Also I always insist that drummer rises up hi hats as much as possible as long as he is comfortable with it.
Microphone positioning with assistant musician mooving till i say stop is a must too.
Also the choice of sticks and where to hit the hats helps enormously.
Thank You for Your kind reply.
Lets hear more about this
07-03-2003, 04:39 PM
Different hats have different sounds, each of which can be appropriate for different players and styles, so it's as hard to say which is the best one as it would be to sat what the best guitar is.
I used to record a great drummer with a set of extremely heavy Sabians that he played with plastic tipped sticks. His style involved a lot of tricky rolls on the hats, and it sounded great. I have recorded other drummers with extra light Zidjians and wooden tipped sticks, and for their style of playing it was equally appropriate. One personal opinion on brands is that Paiste cymbals seem to cut better through a dense mix, although I may not always prefer the tone.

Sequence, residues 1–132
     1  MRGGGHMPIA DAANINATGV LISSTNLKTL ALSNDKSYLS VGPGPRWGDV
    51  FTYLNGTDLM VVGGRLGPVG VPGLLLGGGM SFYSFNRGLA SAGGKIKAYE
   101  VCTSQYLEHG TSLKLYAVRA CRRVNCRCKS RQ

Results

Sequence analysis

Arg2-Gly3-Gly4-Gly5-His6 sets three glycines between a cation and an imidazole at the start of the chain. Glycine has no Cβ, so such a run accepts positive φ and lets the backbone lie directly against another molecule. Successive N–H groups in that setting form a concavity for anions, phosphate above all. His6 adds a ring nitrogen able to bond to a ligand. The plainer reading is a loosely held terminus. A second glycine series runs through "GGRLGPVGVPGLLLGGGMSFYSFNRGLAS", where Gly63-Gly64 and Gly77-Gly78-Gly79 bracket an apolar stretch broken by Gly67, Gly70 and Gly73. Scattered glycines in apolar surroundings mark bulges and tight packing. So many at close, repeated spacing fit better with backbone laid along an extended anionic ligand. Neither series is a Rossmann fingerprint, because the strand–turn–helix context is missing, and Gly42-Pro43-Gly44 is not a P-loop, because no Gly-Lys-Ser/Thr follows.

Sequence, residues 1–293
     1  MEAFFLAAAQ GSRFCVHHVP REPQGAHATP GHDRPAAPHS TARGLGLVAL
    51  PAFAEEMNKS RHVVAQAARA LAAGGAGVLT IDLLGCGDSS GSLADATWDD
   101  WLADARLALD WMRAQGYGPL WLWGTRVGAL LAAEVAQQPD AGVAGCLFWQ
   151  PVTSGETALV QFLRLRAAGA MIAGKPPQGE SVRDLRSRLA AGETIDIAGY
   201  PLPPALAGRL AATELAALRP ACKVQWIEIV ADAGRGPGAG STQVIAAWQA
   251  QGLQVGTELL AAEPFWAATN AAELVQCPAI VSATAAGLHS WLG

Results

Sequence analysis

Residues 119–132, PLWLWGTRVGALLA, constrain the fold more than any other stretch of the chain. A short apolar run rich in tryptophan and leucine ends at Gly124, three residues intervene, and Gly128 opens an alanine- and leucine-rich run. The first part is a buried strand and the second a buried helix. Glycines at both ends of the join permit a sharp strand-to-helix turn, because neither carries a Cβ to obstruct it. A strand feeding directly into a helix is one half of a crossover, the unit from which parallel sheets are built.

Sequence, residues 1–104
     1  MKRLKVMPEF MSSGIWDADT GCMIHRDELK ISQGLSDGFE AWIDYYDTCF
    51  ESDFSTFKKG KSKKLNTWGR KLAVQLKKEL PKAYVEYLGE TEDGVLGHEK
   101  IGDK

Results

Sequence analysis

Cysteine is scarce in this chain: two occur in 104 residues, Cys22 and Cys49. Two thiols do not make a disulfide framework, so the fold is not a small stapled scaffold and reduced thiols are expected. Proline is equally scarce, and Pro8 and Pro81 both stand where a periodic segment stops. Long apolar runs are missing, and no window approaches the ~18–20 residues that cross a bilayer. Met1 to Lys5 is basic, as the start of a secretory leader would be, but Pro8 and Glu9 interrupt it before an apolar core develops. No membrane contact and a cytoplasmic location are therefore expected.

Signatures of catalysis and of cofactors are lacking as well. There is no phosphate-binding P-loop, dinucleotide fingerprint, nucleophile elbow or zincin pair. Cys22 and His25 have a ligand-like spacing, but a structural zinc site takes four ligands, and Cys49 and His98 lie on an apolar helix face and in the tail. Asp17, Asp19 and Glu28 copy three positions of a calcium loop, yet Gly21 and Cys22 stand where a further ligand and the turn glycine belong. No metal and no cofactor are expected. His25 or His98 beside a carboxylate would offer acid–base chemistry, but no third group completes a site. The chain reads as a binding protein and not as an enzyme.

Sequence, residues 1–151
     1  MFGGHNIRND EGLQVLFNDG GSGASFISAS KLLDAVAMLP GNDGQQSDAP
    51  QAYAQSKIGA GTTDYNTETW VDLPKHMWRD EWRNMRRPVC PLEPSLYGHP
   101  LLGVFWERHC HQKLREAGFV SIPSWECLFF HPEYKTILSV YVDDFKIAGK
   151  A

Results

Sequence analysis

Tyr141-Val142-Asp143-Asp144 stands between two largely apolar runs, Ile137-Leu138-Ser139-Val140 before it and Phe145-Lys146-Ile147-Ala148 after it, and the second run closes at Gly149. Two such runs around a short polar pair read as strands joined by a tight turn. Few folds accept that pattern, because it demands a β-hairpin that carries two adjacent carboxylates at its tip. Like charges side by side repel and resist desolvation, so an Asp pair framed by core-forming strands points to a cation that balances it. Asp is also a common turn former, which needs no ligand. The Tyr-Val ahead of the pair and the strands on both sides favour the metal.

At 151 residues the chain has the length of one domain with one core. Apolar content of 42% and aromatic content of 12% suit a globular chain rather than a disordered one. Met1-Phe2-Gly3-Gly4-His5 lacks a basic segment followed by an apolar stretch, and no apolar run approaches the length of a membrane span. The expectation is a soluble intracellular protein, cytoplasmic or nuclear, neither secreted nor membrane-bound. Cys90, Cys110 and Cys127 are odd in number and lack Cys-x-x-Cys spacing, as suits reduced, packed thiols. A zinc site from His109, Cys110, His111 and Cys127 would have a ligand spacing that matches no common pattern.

As for mic choice and techniques, I agree with Ted about the whole off axis coloration thing being very important to look out for. My go to mic for hats is the Neumann KM84, which exhibits almost no off axis coloration. Whatever bleed I get from the kit actually sounds like the kit. I should maybe mention that I personally like some bleed - to me it makes the kit sound more alive, and less like a bunch of samples. I always put up a hi hat mic, but there are some times on a mix when I will use it sparingly or even not at all, such as when a drummer plays a lot of open hits.
Amen! I love bleed! In fact, I rarely use a hi-hat microphone...I found that when I did it was usually so low in the mix I could drop it out entirely.
I'd agree on Paiste cymbals in general...not just the hi-hats, but overall they do tend to have a more "cutting" sound (although they do have a few darker models)...they're manufactured using an entirely different philosophy and technique than Sabians and Zildjians, which are based on a secret centuries-old Turkish method...